Installing low-flow fixtures and valves helped reduce water and sewer costs, while recommissioning the district’s existing energy management system (EMS) helped ensure proper operation and control. By upgrading pneumatic equipment controls and stand-alone thermostats to digital technologies and integrating them into the EMS, the district was able to implement energy-saving strategies such as demand control ventilation.
Finally, Trane also introduced Powhatan County Public Schools to software that gives administrators insights into their buildings’ performance and energy use, streamlining workflow, managing maintenance, and reducing energy spend. The software allows easy scheduling of rooms for classes and other events and allows teachers to make simple temperature adjustments on their laptops.
Seamless installation and ongoing impact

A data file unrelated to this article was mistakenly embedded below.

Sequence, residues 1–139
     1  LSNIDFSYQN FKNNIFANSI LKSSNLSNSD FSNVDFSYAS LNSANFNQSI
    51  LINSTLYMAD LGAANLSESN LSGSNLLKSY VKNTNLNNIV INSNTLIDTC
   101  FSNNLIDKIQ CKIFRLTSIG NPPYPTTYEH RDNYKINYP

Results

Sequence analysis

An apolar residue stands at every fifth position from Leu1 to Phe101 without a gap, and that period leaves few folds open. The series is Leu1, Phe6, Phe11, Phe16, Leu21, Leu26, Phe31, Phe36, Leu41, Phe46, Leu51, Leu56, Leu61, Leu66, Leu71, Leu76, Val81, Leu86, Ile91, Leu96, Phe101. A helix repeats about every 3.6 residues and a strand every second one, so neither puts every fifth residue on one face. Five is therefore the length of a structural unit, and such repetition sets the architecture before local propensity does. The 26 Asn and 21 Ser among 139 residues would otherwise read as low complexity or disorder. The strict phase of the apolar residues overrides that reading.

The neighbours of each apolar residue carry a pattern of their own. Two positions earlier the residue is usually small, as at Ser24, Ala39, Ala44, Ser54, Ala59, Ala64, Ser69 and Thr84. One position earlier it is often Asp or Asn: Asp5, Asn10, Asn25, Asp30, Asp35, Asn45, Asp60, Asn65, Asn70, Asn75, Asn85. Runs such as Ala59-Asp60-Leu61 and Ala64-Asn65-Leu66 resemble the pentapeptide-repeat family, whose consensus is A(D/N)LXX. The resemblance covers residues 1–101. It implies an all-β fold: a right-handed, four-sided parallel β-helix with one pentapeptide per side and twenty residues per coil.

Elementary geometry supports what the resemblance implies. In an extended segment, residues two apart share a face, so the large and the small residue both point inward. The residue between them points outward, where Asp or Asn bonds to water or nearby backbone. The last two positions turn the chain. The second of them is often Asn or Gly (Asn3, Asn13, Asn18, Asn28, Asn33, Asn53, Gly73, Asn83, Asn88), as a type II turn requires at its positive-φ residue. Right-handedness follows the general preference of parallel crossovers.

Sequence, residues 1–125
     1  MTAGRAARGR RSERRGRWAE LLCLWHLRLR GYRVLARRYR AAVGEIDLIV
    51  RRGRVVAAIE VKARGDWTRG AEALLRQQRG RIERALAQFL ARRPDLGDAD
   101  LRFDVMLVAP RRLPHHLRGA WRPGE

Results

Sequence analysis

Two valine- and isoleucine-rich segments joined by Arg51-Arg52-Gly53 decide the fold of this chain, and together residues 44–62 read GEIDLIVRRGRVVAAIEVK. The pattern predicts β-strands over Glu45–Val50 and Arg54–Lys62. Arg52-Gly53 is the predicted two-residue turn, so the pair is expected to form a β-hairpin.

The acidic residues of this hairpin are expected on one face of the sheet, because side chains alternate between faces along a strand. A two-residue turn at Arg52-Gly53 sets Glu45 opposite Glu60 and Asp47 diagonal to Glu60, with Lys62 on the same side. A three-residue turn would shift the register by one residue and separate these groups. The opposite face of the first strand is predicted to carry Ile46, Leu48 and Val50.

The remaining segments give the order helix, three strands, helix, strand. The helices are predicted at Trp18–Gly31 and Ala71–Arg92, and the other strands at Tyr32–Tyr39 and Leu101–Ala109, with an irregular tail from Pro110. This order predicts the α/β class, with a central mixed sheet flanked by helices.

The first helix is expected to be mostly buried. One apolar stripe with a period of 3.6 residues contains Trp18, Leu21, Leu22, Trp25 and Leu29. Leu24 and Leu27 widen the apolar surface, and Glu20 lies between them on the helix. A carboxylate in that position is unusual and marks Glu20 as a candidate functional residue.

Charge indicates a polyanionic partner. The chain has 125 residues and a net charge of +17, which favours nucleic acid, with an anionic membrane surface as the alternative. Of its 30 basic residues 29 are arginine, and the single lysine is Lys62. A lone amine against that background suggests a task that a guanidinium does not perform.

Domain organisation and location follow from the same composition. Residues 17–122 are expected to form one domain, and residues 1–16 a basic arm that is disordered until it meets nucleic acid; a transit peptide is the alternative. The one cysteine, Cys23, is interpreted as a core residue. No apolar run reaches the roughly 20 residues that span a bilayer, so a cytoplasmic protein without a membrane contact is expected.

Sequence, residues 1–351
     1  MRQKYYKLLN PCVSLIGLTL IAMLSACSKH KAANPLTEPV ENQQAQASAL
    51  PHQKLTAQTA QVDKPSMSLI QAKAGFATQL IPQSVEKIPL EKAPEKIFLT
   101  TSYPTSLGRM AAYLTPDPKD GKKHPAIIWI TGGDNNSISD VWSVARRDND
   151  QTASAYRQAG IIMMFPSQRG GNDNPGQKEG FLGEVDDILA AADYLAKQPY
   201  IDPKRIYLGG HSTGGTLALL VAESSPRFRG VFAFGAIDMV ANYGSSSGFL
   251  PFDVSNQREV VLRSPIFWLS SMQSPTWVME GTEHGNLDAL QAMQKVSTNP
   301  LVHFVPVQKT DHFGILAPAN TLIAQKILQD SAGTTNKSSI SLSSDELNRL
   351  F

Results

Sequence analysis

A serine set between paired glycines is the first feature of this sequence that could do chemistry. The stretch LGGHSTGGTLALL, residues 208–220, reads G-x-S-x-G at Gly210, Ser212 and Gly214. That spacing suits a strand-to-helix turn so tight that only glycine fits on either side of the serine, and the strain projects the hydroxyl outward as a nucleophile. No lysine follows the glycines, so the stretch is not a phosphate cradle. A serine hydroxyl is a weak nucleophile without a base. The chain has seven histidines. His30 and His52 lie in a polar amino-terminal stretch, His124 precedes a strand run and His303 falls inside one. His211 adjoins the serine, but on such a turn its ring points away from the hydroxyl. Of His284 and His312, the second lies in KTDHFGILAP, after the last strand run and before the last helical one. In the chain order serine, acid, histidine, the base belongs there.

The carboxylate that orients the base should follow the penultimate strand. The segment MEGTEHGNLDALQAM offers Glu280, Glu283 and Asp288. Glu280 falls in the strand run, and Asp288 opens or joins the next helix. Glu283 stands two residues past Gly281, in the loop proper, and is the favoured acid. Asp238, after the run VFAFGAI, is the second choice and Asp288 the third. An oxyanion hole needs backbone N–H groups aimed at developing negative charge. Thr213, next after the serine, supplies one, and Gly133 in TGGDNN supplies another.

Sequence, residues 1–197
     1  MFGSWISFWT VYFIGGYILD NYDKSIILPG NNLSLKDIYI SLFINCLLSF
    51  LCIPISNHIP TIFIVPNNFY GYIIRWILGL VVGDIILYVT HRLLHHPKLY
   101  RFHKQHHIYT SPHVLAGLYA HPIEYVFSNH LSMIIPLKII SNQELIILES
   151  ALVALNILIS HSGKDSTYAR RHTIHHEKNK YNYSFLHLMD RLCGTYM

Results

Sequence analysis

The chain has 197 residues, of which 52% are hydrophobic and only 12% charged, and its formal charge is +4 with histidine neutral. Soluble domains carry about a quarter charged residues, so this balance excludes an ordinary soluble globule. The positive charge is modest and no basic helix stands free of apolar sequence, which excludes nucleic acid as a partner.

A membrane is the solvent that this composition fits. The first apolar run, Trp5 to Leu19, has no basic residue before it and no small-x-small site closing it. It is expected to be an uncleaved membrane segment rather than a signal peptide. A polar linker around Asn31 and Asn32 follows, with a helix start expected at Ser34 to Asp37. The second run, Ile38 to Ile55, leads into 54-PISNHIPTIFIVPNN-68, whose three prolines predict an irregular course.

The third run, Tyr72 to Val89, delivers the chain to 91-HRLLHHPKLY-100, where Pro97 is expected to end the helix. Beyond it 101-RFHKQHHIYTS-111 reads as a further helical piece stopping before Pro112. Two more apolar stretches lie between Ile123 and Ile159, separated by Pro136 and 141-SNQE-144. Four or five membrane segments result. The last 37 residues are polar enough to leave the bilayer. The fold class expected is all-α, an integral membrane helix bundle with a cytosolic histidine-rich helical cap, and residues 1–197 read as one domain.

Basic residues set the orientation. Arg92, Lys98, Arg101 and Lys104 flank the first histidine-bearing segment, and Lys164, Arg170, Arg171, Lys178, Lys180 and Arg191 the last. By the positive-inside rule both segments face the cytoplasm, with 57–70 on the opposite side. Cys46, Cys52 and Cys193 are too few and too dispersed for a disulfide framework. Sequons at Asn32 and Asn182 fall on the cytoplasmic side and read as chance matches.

Trane was able to complete the scope of work during evening hours, on weekends, and over the summer, ensuring that the project never interfered with classroom instruction and was completed before the new building opened its doors, an important timing goal set by the district.
The upgrades improved indoor air quality and comfort while reducing energy costs by 20 percent and cutting greenhouse gas emissions by more than 3.3 million pounds of CO2. More comfortable, brighter rooms improved the academic environment and community morale. Students and staff responded with enthusiasm; the district reports that test scores improved following the upgrades.
“Numerous studies have clearly shown that the learning environment within a school plays a significant role in student achievement,” says former PCPS Superintendent Eric Jones, who led the district through the upgrades. “For this reason alone, our performance contracting project with Trane was a huge success. Add to this the fact that we are paying for these upgrades and new equipment through energy savings, and it is easy to see why I believe this is one of the best projects Powhatan County Public Schools has ever completed.”